With GPS devices triangulating their position at the touch of a button, today’s sailors rarely worry about navigation at sea. But in the years before this technology, ships’ crews relied on the sun, the stars, and a skilled crewmember to find their way.
GPS technology actually grew from the techniques practiced by 19th-century sailors. Using a device like a sextant, a crewmember would measure the angle between the ship and certain objects in the sky. A chronometer would also provide highly precise timekeeping, even after months at sea. With this information, plus a few calculations from nautical charts and tables, sailors were able to triangulate their position with remarkable certainty.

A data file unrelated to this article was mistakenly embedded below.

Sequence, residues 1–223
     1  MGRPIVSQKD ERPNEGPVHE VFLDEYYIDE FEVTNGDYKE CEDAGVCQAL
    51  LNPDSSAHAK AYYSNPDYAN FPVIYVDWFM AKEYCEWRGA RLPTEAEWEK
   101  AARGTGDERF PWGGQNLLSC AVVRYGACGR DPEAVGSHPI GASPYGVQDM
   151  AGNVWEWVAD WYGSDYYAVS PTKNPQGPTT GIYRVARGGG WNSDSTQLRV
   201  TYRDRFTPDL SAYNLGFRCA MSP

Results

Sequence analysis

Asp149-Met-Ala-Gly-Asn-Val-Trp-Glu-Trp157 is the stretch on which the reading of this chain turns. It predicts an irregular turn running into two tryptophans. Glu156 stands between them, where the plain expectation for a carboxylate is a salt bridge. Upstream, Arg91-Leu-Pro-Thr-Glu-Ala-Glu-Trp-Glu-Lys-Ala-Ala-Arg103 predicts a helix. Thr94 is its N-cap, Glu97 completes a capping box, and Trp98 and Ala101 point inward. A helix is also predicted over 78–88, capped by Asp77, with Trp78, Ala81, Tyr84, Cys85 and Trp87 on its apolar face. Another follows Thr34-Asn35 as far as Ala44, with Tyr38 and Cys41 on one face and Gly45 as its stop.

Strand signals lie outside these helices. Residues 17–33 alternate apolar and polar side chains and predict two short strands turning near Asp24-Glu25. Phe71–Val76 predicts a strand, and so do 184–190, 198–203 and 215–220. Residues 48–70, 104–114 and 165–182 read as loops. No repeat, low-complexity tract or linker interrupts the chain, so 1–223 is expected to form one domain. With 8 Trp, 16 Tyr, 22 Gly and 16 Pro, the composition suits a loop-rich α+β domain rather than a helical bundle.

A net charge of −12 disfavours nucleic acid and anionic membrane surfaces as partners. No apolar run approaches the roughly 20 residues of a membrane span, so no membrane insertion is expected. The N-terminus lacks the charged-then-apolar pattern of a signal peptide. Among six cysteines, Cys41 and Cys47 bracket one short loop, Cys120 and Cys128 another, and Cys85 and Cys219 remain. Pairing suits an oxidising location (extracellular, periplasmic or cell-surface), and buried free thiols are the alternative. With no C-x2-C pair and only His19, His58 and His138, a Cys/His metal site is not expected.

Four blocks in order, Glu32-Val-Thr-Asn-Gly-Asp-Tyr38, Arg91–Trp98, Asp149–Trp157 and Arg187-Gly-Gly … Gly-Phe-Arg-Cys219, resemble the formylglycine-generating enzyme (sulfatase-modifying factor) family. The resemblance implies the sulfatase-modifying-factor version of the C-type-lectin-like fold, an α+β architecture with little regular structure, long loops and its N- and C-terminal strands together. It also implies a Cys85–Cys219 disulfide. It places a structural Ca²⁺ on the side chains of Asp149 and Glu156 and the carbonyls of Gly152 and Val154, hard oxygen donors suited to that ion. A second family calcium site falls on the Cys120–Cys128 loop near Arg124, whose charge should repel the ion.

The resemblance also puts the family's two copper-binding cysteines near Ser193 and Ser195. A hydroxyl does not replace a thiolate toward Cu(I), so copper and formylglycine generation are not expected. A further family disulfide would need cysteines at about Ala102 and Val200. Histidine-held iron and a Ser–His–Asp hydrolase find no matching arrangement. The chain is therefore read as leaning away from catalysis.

The Museum’s Treworgy Planetarium and Nautical Instruments Shop showcase these and other intricate tools used hundreds of years ago. Visitors can climb aboard vessels such as the Charles W. Morgan and stand in the very place that sailors consulted their instruments and charts. Peering out at the dock and village, we can only start to imagine the lifeline these tools represented for sailors at sea.